• some plants form mycorrhizas and others do not,
• plants that form mycorrhizas become colonised to different extents,
• plants that form mycorrhizas have different root densities and therefore different capacities to alter the abundance of the fungi in roots and in the surrounding soil (Thompson 1991).
The rotation of plants within a farming system significantly amplifies the abundance of potential plant pathogens. Inclusion of legumes in agricultural rotations increases the abundance of their root nodule bacteria in soil if they are either already present or are added as an inoculant.
Some plants produce compounds with potentially detrimental effects on some soil organisms. Brassica species are used as a disease-break crop because they decrease the abundance of root pathogens. For example, canola or oilseed rape can be used as a soil ‘biofumigant’ (Kirkegaard and Sarwar 1998). The molecules produced by these plants to destroy soil pathogens may also have detrimental effects on more beneficial soil organisms, so the non-target effects to be considered.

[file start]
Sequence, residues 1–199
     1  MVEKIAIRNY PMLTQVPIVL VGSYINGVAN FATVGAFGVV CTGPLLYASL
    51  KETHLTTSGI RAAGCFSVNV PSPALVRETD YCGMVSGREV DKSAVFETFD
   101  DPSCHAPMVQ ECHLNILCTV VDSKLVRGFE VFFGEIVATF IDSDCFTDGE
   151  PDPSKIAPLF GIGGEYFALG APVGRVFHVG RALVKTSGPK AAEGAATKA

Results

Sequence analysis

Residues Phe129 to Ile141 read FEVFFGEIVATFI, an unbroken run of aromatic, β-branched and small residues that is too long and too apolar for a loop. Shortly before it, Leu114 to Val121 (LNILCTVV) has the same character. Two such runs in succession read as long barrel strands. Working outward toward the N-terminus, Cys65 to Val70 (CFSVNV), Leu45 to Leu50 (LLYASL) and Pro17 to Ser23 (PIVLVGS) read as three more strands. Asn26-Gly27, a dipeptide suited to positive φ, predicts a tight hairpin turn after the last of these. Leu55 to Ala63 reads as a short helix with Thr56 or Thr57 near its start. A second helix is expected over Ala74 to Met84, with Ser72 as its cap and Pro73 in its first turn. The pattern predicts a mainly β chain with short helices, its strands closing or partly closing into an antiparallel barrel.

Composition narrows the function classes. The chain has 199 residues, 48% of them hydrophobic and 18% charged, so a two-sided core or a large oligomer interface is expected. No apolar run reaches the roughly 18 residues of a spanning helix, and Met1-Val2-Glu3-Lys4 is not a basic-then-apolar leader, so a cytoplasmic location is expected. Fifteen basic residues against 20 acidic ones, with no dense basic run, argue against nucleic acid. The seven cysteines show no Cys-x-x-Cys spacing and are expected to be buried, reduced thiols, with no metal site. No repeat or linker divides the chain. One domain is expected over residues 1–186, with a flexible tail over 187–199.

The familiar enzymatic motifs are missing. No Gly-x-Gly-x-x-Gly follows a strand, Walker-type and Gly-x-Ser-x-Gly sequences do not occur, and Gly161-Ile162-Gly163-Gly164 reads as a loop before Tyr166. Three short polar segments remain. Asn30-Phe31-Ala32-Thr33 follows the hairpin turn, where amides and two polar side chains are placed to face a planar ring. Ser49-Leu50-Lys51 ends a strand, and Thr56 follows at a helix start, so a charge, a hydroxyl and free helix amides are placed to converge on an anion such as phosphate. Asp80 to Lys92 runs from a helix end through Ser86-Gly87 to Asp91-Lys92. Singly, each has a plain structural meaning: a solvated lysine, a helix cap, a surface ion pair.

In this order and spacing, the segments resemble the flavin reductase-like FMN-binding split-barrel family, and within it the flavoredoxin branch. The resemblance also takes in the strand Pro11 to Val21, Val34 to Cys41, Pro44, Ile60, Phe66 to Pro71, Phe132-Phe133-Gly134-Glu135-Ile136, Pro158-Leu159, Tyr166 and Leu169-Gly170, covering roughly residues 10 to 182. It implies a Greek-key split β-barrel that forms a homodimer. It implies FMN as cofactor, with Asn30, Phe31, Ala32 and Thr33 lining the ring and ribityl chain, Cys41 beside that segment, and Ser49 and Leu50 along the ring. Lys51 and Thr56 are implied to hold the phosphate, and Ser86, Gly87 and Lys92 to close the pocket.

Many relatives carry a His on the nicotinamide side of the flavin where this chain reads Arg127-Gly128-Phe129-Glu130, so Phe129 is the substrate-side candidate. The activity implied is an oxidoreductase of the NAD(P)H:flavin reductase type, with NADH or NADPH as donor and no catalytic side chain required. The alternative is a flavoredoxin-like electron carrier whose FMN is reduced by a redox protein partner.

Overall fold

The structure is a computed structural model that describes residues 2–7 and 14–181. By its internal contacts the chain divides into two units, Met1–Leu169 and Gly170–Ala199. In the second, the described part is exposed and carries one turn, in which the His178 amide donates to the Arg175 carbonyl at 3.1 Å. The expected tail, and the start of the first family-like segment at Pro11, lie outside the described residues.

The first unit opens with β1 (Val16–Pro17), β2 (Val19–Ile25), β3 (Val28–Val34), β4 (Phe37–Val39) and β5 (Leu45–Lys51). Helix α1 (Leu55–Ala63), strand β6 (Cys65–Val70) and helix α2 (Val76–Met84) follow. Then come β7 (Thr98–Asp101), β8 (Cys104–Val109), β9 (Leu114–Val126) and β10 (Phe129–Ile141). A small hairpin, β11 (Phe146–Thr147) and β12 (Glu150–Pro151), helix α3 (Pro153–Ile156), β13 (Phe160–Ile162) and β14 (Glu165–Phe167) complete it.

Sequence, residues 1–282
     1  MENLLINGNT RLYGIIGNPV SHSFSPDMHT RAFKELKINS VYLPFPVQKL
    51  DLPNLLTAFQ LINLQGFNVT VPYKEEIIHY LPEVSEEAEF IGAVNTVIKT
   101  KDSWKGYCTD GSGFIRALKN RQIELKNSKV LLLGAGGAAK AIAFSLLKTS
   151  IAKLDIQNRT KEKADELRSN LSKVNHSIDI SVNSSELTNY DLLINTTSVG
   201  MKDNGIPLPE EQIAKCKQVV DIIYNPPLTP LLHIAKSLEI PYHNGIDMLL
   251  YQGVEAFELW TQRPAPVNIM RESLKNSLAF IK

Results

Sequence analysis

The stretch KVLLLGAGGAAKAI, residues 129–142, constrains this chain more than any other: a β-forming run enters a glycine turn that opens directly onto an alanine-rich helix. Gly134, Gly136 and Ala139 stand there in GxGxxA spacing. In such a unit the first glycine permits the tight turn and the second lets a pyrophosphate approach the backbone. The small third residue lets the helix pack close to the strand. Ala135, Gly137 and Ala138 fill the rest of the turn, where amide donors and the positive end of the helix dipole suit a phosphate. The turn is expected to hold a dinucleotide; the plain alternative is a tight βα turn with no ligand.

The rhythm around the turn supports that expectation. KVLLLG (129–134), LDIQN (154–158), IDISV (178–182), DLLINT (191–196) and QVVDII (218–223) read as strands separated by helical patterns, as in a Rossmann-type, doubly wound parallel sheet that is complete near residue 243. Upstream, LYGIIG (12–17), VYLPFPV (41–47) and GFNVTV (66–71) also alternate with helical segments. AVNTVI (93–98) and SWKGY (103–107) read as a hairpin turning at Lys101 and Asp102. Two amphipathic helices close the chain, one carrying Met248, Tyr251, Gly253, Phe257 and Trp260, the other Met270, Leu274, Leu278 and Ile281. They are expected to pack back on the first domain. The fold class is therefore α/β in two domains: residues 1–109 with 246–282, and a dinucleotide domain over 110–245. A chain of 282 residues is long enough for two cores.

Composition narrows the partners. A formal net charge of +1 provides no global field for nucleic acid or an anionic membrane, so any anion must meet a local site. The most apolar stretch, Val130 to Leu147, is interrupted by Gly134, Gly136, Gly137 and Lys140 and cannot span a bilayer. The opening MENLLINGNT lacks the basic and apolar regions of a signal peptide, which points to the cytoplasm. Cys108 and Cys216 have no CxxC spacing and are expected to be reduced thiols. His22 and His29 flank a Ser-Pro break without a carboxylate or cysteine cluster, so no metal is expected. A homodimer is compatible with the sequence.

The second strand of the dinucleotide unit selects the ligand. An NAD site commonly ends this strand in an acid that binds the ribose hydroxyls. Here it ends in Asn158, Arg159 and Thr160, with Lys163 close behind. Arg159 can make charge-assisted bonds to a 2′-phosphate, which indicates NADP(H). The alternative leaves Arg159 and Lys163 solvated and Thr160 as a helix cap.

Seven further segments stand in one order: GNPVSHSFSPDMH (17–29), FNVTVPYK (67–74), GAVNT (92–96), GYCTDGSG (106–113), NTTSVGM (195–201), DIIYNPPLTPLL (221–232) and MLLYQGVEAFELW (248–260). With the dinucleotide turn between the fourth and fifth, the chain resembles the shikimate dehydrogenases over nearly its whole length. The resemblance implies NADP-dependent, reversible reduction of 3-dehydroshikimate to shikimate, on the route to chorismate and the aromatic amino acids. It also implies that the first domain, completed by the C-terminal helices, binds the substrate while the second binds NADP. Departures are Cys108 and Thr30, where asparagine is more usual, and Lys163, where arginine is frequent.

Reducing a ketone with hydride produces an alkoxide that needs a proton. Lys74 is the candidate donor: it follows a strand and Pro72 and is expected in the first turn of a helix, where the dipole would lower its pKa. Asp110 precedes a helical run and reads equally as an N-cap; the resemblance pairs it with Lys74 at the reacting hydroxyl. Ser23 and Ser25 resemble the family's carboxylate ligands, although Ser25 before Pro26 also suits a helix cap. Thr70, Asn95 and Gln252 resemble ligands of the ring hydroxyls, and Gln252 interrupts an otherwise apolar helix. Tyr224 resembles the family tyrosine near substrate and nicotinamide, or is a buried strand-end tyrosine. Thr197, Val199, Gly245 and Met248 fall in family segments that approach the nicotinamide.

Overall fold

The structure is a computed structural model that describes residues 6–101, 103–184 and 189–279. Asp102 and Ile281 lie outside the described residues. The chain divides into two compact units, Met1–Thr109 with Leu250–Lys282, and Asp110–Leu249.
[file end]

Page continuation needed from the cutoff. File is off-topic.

In addition, during the decomposition of some forms of organic matter, certain soil organisms produce molecules that can be toxic to plants if present in high concentrations. Acetic acid is an example of such a toxin.
Stubble burning reduces the amount of organic matter that is incorporated into the soil. In doing so, it eliminates an important source of carbon for heterotrophic soil organisms. Although nutrients are released into the soil after stubble burning, these nutrients move through a different pathway to those released during the microbial degradation of organic matter and they may not be as available to soil microorganisms. Stubble burning releases a high proportion of the carbon directly into the atmosphere and nitrogen, phosphorus and other elements are converted to inorganic, non-usable forms. In contrast, decomposition of organic matter is usually a more gradual process, although it can occur rapidly when a soil is intensely cultivated. Microorganisms degrade the carbon molecules in stubble and some carbon is returned to the atmosphere through microbial respiration. Other elements are released gradually as organisms colonise the stubble. Stubble retention provides a source of carbon, energy and other compounds required for the growth of soil organisms that are not present in the ash of burned stubble.